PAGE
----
In 1939, the Belgian Jewish community consisted of about 90,000 people, the vast majority of whom lived in the two largest cities - Brussels and Antwerp. Following the German invasion in May 1940 about half of the population fled the country or was deported to France. Over 25,000 avoided deportation by remaining in hiding with help from the Belgian and Jewish underground and the civilian population. Another 25,000 perished after being transported to extermination camp in Auschwitz. Only 2000 of those deported survived the war. On liberation in September 1944 the Jewish Belgian community consisted of approximately 18,000 survivors. They were soon joined by about 10,000 Belgian Jews who returned from the exile, about 5000 refugees from Central and Eastern Europe and 2000 who survived in concentration camps.
ORT courses in Belgium were set up to answer the needs of young Holocaust survivors, who spent the war either in concentration camps or in hiding. Due to their insufficient education, lack of French language skills or in some cases lack of funds, these young people could not immediately integrate into the public school system in Belgium. The courses were established in cities with the largest Jewish population - Brussels and Antwerp. They were run in the form of practical and theoretical vocational courses for adults, daytime trade schools for youth, courses for school children as well as courses established in children’s houses which immediately after the war were taking care of about 2000 orphans of the Holocaust.
The first training workshop opened in April 1946 in Brussels and was taught by both pre-war Swiss ORT teachers and graduates of the post-war instructors’ training. The subjects of the courses established in the school answered to most immediate needs of Belgian industry and the first intake of 60 students was trained in cutting-out of garments, tailoring and sewing. Soon after that, ORT Brussels added training in technical subjects which included electrical installation, radio-technology, welding, gas, water and central-heating installation as well as a laboratory for a techno-chemical course. These courses were held in the ‘Centre Electro-Metal’ which was created by ORT in a refurbished former brewery. A vast majority of Holocaust survivors attending the courses in 1946-47 were, according to an ORT report: ‘badly nourished and insufficiently supported and therefore constantly on the look-out for chance earnings and haphazard ways of making a living,’ but their livelihood improved significantly in subsequent years.
Within a year of its establishment, by August 1947, ORT Belgium had opened in Brussels thirty-two trade schools, training workshops and vocational courses. By that time its courses had been attended by 616 students. From mid-1947 vocational courses were also held in Antwerp and Boitsfort near Brussels. The duration of training varied from five months in training workshops to three years in trade schools. One of such trade schools was a popular two and a half year trade school for girls, which combined general education on the same level as in a Belgian middle schools with training in tailoring. The teaching program included: cutting out of garments, tailoring, embroidery, drawing, arithmetic and book-keeping, anatomy, study of materials, history of fashion and Jewish history. The course had initially enrolled around twenty-five students and a number of them were given scholarships to help with their fees and maintenance costs. Describing an average day at the school, a letter from Belgian ORT reported:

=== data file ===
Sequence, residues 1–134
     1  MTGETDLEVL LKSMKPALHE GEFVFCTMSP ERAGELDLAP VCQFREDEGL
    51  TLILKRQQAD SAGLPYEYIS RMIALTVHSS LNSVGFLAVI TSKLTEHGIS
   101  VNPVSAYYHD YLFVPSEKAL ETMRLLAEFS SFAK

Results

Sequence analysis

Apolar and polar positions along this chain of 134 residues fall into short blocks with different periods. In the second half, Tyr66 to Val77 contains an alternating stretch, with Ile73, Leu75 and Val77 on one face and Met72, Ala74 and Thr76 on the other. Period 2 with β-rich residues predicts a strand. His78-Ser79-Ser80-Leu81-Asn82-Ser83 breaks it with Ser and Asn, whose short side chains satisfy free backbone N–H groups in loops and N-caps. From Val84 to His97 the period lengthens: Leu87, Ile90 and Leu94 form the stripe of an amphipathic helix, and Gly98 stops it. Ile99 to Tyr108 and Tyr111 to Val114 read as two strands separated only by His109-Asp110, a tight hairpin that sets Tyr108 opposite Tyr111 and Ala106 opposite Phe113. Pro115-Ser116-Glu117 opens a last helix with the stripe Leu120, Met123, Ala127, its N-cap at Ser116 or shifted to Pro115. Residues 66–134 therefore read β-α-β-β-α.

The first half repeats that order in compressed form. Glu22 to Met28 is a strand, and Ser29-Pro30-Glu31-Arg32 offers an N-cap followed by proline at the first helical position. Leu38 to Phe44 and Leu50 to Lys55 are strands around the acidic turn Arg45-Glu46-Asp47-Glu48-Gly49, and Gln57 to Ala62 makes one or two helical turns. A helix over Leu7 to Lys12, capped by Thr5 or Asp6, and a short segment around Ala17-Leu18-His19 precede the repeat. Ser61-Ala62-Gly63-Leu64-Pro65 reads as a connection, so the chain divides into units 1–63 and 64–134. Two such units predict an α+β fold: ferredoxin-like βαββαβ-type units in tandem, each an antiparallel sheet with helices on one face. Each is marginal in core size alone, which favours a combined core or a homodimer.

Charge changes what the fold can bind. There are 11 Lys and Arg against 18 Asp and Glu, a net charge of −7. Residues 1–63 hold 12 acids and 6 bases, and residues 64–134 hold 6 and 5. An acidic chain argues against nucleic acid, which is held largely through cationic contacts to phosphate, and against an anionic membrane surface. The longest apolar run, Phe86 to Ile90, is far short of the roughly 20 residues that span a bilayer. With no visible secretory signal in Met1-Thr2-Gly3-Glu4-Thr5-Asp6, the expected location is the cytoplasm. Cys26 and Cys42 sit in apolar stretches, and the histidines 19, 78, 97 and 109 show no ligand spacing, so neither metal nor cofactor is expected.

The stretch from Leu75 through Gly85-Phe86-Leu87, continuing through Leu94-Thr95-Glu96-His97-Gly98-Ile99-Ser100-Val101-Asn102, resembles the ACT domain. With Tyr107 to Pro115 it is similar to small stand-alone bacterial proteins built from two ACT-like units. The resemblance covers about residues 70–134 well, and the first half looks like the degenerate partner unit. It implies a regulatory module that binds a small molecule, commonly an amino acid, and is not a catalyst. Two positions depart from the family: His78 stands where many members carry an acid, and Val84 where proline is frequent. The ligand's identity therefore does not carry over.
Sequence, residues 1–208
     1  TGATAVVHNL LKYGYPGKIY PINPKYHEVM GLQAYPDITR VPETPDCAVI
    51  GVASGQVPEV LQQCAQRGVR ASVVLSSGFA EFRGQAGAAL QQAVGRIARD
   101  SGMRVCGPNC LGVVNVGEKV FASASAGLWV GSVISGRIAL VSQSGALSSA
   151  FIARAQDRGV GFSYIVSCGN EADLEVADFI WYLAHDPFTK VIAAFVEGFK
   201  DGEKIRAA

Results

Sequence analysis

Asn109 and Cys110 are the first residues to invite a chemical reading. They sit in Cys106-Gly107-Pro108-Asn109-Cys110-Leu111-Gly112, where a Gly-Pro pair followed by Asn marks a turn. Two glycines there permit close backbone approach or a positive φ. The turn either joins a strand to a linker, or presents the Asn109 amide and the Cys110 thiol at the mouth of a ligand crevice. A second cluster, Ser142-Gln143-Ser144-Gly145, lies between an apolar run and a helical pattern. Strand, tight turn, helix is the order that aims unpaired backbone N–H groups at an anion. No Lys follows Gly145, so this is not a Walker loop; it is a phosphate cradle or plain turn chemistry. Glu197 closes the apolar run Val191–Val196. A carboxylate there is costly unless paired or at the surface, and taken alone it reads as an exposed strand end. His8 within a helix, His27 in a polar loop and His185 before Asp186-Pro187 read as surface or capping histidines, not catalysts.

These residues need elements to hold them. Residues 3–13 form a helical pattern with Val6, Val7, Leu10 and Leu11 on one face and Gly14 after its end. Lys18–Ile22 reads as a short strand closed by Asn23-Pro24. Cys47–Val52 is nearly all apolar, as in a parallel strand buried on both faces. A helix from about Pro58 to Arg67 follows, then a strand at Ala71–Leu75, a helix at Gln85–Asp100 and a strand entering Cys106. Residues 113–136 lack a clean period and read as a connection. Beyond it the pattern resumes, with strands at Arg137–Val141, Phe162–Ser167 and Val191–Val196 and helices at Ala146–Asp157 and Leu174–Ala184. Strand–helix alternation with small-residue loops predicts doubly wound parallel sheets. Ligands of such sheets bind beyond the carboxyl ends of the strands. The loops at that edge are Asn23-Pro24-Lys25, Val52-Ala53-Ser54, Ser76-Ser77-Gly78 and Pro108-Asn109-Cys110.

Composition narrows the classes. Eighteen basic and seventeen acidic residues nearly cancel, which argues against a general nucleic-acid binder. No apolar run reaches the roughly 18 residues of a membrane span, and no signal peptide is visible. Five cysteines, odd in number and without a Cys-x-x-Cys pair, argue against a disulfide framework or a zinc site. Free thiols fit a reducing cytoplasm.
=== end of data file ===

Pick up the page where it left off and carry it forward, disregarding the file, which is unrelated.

‘The teaching goes on without difficulty. The greatest part of the students stay at the school at noon and they get a substantial soup and a cup of coffee to drink with the sandwiches they bring with them. Several young girls have already told us that they were very pleased to be here. The start of the different courses was very good too. Mlle Laurent had some difficulties in connection with the language, but she now gets understood even by those who don’t speak French.’
A training farm and agricultural school for forty young Aliyah candidates was opened in Kessel-Loo near Leuven in May 1946. The training included kitchen-gardening, dairy farming and poultry farming. In October 1948, ORT Bulletin reported: ‘At the annual agricultural exhibition, the ORT training farm Kessel-Loo, was awarded a gold medal for the cattle they had entered in the contest.’ There was also a dressmaking school for girls established on the farm. In 1948 most of the Kessel-Loo students immigrated to the newly established state of Israel.
Those of the Holocaust survivors who intended to remain in Belgium were provided with help in finding employment. In case they did not speak French well enough to find work or were still awaiting a work permit, they could join one of the ORT former students’ cooperative societies, which were organized by ORT to execute orders for local firms.